Still, [it’s the opinion of this writer] that Ontario’s legislation to ban coal is a step in the right direction. Other North American jurisdictions should look to Ontario’s example—particularly the Midwestern and Appalachian states where coal accounts for 50 to 96% of the energy mix.
To learn more about coal power, please contact the Union of Concerned Scientists, the Climate Reality Project, Environmental Defence, and our partner, Clean Air Cool Planet.
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Four Years After the Quake, Recovery Lags in Haiti
In recent months, the world has endured several devastating natural disasters: the earthquake in Pakistan, flooding in Cambodia, and the massive Typhoon Haiyan in the Philippines. These disasters remind us of another tragedy closer to home – the 2010 Haitian earthquake.
Approaching its 4th anniversary, the 7.0Mw Haitian earthquake claimed the lives of approximately 250,000 people and injured hundreds of thousands more. It also destroyed (or severely damaged) 250,000 residences and 30,000 commercial buildings, leaving over a million people homeless. The resulting humanitarian disaster remains one of the worst of the 21st century.
So what is the status of Haiti today? The country and its foreign partners have made progress on several fronts. As of 2013, they have removed most of the 10 million cubic meters of debris and housed 158,000 affected families. They have provided grants, training, and over 470,000 temporary jobs. They have vaccinated 3,000,000 children and constructed new hospitals. Moreover, they have enhanced preparedness for future disasters. But these achievements are overshadowed by the crippling challenges Haiti continues to face.
According to The Economist, more than 350,000 Haitians still live in tents or substandard housing in “hillside shanties and seaside slums”. Unemployment hovers at around 75%. A cholera epidemic, which has taken over 8000 lives, continues to spread. Furthermore, the underlying, long-term problems inflicting Haiti remain unaddressed. Yet, aid for the tiny Caribbean country is running out. Many non-profits have disbursed their funds and are struggling to attract new donations given “donor fatigue”. Others have succumbed to corruption, squandering funds on exorbitant salaries, travel, and consultant fees. Finally, as highlighted by the UN Special Envoy for Haiti, many aid pledges have simply gone “unfulfilled”.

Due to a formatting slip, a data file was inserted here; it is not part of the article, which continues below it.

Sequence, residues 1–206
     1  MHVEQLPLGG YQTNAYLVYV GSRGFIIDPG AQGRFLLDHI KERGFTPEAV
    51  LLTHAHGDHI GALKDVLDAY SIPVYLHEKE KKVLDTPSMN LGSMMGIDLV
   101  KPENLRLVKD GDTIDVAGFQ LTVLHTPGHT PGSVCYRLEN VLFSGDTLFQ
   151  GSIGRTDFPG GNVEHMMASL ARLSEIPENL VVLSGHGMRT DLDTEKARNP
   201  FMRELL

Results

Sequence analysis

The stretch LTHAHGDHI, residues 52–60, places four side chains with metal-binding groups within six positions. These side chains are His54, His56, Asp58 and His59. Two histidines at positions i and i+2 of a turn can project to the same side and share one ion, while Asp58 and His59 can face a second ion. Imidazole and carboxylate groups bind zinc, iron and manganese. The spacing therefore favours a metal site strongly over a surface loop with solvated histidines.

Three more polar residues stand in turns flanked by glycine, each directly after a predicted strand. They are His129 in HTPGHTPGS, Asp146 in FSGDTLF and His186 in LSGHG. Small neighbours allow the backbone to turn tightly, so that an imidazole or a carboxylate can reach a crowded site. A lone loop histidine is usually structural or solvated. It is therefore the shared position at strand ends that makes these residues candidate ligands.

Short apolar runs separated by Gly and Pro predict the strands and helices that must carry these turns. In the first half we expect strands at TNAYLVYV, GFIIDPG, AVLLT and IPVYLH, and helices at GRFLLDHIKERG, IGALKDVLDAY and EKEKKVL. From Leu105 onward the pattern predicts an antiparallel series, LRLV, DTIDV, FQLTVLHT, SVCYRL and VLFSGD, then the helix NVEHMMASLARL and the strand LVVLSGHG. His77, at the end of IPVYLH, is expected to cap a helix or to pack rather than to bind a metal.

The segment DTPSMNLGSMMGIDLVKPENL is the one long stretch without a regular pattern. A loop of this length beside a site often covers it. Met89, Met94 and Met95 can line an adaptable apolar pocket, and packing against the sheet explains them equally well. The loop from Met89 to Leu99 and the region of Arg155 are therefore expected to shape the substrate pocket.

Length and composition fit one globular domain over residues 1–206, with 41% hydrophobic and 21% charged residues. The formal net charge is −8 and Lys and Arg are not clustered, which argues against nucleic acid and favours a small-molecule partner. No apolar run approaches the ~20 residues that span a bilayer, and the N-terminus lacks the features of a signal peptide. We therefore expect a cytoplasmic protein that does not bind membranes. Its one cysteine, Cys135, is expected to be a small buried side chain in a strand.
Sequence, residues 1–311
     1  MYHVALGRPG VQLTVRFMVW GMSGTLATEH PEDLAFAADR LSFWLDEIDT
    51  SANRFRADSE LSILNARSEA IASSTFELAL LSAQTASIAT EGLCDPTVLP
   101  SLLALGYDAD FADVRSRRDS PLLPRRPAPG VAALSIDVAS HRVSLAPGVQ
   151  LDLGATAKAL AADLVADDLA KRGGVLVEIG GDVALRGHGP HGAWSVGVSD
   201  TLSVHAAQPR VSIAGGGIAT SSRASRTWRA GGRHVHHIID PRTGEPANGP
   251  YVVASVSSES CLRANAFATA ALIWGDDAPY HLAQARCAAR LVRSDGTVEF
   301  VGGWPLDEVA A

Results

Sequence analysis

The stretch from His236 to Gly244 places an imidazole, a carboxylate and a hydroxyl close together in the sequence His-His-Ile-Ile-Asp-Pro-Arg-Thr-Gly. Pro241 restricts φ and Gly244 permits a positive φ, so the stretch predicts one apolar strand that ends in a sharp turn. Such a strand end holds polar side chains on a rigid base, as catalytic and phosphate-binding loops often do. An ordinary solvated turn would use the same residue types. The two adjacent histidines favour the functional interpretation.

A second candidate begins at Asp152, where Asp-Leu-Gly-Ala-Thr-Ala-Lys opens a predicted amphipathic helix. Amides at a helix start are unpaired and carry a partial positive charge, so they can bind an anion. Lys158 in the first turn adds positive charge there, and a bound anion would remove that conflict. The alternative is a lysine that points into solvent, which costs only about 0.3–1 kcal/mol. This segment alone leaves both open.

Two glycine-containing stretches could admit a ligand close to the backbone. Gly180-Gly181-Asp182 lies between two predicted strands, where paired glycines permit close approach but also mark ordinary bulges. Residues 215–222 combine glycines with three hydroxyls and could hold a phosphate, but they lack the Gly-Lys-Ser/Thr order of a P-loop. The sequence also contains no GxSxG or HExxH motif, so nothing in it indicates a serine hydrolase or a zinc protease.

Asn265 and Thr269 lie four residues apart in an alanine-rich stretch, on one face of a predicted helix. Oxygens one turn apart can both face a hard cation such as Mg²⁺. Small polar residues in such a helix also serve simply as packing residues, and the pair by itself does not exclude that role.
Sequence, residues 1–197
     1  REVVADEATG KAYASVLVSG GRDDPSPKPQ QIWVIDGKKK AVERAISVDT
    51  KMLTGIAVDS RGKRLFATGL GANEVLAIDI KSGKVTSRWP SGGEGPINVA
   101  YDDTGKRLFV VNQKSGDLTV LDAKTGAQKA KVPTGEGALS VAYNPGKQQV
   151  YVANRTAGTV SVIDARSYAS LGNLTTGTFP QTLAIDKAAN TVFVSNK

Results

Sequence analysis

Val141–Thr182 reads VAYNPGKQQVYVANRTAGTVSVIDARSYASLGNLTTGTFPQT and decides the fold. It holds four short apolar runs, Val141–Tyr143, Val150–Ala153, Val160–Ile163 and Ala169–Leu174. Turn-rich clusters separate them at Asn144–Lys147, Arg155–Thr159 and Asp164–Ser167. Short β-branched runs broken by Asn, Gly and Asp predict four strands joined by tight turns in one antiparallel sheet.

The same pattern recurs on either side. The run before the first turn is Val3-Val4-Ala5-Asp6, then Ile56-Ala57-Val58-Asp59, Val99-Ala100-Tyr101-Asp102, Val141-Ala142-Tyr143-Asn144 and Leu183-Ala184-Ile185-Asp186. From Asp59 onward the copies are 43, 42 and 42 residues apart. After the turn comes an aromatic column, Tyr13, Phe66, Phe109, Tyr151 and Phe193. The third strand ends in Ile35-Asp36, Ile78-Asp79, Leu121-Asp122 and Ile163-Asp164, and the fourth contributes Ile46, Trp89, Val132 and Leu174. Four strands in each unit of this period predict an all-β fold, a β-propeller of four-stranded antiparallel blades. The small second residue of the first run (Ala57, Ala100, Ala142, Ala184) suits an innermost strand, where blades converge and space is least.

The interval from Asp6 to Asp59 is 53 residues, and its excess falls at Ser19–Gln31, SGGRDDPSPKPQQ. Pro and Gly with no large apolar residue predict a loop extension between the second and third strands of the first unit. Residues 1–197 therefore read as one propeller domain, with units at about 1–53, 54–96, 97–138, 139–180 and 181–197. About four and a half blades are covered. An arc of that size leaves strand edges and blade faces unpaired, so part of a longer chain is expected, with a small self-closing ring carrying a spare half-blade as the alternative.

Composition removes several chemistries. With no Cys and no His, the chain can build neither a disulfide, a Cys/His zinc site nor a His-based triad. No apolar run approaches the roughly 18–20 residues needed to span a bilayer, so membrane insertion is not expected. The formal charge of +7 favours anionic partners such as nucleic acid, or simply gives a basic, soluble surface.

Op4G’s partners, however, remain committed to serving the people of Haiti. Greater Good: Haiti focuses on delivering primary school education programs and sustainability projects in under-served communities, while A Chance for Kids works for the “relief and betterment” of Haitian children. Please help create lasting change in Haiti – support these non-profits today!
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Survival of the Fattest: The Effect of Shrinking Sea Ice on Polar Bears
Over the last month in the Canadian Arctic, around 1000 polar bears have gradually migrated to the coastal areas around Hudson Bay. After spending the summer on land, the bears are preparing for their return to sea ice.
The sea ice is critical to the bears’ survival. It “provides a vital platform to hunt ringed and bearded seal”, as well as other prey. This rich diet helps replenish the fat reserves of the world’s largest bears (weighing up to 1300 pounds). It ensures that after the ice melts, the bears can survive another lean summer on land.